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Fungus on hands as a common dermatological infection

June 12th, 2012 by admin


Fungus is a common infection that can affect different parts of the body. One of the common types of fungi infection is tinea manuum, which affects hands, notably nails, palms and skin between the fingers. Let’s consider causes of this disease, its symptoms and ways of treatment.

Causes and transmission of hand fungus

Tinae manuum is caused by dermatophytes, a type of fungi. This infection is highly contagious and may be easily picked up from other infected part of the body, for instance from feet. It may also develop after direct contact with infected person, animal or soil. That’s why children, who often touch animals and play in the ground, and gardeners are at increased risk of being infected. The infection is more likely to be picked up if there is a tear in the skin, it also easily passes between the members of the family.

In most cases the immune system suppresses fungi, but in some cases, when the immunity is suppressed by some illness or stress, the infection manages to develop. If a person takes antibiotics, he is also at higher risk of being infected, as antibiotics kill the harmless bacteria that control fungi.

The most favorable condition for fungus is warm and moisture environment. That’s why people with increased sweetening are affected more often.

Symptoms of fungus on hands

Hand fungus has rather obvious symptoms and is associated with:

- Itching and burning of affected area;
- Scaly and peeling rash, that usually occurs in a ring-shaped manner;
- Dry skin that may chap if left untreated;
- Oozing blisters;
- Dark patches of the skin or discoloration of areas of the skin.

Although the symptoms of the infection are rather uncomfortable and unpleasant, they usually don’t cause pain, except from severe cases.

Diagnosis and treatment of the disease

Visual examination is not enough for revealing the hand fungus as several other illnesses, like psoriasis, may cause similar symptoms. The diagnosis is confirmed with medical investigations like scraping and cultures.
As any other fungal infection, fungus on hands is treated with both topical and oral antifungals. Topical medications include ointments and gels like terbinafine, econazole, butenafine, clotrimazole; among the most common oral drugs are terbinafine, fluconazole, griseofulvin and itraconazole. Subacetate solutions are applied to manage sweetening.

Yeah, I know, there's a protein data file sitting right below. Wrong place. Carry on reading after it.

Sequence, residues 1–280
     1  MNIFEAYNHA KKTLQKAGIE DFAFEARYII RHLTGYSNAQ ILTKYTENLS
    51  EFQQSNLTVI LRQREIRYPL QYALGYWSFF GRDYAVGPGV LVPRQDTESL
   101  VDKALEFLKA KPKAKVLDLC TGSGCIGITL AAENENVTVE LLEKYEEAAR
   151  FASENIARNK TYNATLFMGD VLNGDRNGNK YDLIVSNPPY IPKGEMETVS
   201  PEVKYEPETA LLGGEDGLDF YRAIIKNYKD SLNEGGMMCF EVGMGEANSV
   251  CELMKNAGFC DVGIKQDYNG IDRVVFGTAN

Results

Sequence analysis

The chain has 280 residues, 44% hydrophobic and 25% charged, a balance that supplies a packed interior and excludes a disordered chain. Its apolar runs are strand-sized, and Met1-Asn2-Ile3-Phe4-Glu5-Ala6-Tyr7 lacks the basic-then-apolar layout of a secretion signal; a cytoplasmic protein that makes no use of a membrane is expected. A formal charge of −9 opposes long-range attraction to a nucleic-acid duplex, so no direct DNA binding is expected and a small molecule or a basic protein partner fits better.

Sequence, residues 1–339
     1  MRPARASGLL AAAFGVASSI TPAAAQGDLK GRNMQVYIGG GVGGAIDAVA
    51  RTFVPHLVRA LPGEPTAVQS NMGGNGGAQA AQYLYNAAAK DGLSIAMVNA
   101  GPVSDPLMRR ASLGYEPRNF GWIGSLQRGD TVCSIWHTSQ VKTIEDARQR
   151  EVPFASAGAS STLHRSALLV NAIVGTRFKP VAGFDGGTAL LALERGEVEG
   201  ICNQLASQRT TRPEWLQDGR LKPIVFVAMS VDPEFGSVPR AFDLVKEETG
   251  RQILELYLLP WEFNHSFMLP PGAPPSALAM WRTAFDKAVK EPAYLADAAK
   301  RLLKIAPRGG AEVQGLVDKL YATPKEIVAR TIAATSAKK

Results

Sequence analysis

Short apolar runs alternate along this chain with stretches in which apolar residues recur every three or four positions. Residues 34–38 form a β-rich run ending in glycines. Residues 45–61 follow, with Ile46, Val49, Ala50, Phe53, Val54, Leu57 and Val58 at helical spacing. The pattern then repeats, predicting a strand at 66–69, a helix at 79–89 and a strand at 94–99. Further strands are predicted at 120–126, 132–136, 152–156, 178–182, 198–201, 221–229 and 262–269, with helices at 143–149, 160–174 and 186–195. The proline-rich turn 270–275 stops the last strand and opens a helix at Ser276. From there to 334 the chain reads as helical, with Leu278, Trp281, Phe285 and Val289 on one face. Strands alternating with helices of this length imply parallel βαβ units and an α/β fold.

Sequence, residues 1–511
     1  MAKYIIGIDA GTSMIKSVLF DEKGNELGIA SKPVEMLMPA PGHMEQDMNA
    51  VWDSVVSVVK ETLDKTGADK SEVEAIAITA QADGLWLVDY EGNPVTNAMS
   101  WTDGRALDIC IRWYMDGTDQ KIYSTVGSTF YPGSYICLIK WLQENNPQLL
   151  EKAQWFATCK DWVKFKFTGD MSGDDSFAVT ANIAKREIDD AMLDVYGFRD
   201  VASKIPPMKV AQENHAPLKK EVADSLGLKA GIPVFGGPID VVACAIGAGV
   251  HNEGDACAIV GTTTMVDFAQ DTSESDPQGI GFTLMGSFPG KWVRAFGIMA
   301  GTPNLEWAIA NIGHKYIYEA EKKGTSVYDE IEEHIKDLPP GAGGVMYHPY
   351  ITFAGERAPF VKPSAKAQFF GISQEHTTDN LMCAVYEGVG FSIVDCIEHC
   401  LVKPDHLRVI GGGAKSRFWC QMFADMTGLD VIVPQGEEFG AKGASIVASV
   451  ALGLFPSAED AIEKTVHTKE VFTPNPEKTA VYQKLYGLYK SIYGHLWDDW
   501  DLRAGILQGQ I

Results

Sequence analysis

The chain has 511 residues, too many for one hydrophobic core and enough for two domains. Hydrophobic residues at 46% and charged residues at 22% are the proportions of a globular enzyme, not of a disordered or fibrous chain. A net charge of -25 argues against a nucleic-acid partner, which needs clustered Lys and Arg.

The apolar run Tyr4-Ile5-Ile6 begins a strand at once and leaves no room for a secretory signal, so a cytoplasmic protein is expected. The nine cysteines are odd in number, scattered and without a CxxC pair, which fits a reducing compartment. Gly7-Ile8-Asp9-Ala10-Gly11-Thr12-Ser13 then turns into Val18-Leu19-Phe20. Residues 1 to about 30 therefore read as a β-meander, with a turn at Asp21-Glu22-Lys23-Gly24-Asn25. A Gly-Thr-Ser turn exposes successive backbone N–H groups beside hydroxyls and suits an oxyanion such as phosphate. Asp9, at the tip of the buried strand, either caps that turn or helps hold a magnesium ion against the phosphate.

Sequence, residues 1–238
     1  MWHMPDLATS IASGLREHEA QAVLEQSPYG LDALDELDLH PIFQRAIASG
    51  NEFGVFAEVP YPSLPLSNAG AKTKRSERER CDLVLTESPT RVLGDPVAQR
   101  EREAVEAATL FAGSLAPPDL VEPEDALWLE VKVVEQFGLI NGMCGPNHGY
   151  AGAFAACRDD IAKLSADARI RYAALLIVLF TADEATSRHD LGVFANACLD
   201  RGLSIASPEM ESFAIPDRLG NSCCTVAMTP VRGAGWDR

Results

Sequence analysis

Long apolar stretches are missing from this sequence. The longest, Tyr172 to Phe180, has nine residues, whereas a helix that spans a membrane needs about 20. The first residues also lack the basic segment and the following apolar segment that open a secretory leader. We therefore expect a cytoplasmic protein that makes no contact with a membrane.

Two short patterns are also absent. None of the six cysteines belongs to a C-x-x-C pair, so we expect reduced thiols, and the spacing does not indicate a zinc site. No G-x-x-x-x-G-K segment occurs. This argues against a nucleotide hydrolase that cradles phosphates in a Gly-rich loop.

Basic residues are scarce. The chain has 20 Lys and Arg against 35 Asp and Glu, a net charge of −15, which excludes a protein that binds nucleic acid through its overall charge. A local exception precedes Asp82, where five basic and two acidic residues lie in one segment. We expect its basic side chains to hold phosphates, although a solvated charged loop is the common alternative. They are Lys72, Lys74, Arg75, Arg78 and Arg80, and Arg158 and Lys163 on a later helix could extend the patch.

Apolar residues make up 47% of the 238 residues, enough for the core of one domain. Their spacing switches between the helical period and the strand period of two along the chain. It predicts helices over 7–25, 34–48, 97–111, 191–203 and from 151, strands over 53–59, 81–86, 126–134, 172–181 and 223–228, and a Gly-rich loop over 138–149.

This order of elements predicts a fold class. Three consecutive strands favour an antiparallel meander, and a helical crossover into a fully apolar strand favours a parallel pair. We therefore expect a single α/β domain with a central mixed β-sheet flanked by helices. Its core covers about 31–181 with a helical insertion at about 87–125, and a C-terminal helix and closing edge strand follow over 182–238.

Treatment usually takes from 2 to 4 weeks, depending on the stage and severity of the infection.

Prevention of fungus on hands

The following prevention measures should be taken both while treatment of the infection to prevent its further development and just in order to prevent the infection:

- Keep your hands skin dry; manage increased sweetening and dry hands after washing;
- Do not touch infected people, animals or other infected parts of the body, explain your children the importance of these measures;
- Wear protecting gloves while working in the garden;
- Take care of your hands and nails;
- Do not share personal objects like towels with other people.

Fungus on hands is not a serious disease and can be easily get rid of with medicines available over-the counter. However, it’s better to visit doctor to confirm the diagnosis, as you may confuse fungus with more serious dermatological illnesses, like psoriasis or eczema.

These articles can be used for informational purposes only. To get an accurate diagnosis consult your doctor!

Other conditions that cause similar symptoms

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